cincinnati

Joel Otterson

Michael Solway Gallery

Joel Otterson’s recent show opened with a real garage door whose redwood panels and metal hardware had been entirely covered with a pressure-sealed, digitized color photograph (made in collaboration with Tom Allison) depicting his lush garden in Kentucky. With this oddly paradoxical door, which was at once solid and penetrable, utilitarian and visionary, the artist informed us that he’s getting out of the house and back to nature—moving from funky furniture extravaganzas to works that achieve a kind of horticultural expressionism. The Garden Door, 1996, set the stage for this transition, door and photograph fusing to suggest a narrative.

There has always been a virile domesticity to Otterson’s sculpture, which until now has consisted of reinvented household objects. Beds, vanities, coffee tables, refrigerators, and jukeboxes are fabricated from a variety of discarded materials: copper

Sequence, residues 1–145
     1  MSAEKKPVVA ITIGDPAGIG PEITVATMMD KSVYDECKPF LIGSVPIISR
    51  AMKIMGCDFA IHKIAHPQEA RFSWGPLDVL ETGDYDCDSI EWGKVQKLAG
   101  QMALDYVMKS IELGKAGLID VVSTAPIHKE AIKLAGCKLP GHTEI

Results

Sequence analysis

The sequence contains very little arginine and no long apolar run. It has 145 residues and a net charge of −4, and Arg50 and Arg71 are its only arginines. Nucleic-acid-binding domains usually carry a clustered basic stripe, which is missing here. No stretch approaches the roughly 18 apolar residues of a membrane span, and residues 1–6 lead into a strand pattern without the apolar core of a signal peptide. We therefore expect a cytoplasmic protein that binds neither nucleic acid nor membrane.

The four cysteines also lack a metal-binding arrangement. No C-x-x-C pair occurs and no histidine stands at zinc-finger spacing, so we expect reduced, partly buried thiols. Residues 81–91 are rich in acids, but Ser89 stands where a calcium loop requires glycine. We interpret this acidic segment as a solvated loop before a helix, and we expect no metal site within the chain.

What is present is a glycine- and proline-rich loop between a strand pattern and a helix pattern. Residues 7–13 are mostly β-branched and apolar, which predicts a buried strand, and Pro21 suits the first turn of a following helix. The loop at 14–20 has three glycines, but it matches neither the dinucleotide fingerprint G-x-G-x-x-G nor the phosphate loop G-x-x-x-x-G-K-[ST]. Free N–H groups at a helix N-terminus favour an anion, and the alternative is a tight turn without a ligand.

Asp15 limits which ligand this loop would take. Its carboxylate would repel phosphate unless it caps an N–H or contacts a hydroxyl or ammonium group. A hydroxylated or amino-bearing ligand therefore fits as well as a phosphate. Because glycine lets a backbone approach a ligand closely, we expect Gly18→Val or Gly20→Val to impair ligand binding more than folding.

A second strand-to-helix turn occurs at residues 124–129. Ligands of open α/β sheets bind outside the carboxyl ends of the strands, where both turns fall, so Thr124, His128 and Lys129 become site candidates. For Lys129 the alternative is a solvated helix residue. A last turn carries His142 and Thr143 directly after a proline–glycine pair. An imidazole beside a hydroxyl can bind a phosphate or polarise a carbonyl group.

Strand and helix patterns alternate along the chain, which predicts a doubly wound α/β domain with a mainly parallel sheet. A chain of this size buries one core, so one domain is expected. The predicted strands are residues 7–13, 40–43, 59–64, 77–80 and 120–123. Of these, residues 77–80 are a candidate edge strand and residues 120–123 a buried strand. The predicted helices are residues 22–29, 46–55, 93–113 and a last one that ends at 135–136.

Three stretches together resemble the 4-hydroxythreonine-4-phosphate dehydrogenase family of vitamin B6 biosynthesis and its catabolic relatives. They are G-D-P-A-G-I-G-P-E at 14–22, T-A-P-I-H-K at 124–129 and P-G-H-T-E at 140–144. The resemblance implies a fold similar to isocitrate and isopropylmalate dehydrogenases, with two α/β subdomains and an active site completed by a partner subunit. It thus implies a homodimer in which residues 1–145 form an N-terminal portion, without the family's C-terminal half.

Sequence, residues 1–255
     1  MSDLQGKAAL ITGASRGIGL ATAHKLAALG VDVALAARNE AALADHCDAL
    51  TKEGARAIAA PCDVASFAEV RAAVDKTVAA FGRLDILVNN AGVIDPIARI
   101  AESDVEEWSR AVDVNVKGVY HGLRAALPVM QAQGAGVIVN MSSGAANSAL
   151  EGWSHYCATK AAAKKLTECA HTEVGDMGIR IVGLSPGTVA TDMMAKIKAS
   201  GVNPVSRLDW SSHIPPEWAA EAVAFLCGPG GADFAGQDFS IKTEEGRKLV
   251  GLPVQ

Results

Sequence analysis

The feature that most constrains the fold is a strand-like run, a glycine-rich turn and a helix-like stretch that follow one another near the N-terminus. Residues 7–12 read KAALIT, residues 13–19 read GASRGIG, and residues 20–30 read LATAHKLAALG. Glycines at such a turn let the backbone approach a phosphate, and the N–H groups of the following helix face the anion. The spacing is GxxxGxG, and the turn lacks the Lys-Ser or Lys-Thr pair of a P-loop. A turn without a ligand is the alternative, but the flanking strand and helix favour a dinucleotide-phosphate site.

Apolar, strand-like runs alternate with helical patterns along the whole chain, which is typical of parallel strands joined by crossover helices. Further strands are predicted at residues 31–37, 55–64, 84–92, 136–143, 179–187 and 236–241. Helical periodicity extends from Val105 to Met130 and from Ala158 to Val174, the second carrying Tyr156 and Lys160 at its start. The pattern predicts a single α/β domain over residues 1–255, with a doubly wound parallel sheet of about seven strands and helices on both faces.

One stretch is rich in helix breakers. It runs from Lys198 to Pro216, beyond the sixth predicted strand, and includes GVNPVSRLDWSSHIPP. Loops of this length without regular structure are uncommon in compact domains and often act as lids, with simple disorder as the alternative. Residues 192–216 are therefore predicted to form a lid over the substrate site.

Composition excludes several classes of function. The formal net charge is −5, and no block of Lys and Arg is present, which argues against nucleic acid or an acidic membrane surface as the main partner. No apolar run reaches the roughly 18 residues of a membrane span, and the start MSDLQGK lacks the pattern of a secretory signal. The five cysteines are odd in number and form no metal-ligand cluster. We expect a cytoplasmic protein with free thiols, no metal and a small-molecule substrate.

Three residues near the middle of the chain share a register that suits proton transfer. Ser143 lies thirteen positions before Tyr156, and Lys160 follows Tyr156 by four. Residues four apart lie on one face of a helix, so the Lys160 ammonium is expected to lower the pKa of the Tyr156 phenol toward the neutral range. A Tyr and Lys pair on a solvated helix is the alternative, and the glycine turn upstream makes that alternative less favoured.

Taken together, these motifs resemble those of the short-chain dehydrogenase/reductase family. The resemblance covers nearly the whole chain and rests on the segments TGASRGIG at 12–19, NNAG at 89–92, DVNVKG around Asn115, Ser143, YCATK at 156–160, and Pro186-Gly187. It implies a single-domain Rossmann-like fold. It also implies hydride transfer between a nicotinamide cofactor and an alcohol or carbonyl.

Sign-in to keep reading

Artforum print subscribers have full access to this article. If you are a subscriber, sign in below.

Not registered for artforum.com? Register here.

SUBSCRIBE NOW for only $50 a year—65% off the newsstand price—and get the print magazine plus full online access to this issue and our archive.*

Order the PRINT EDITION of the December 1997 issue for $17 or the ONLINE EDITION for $5.99.

* This rate applies to U.S. domestic subscriptions.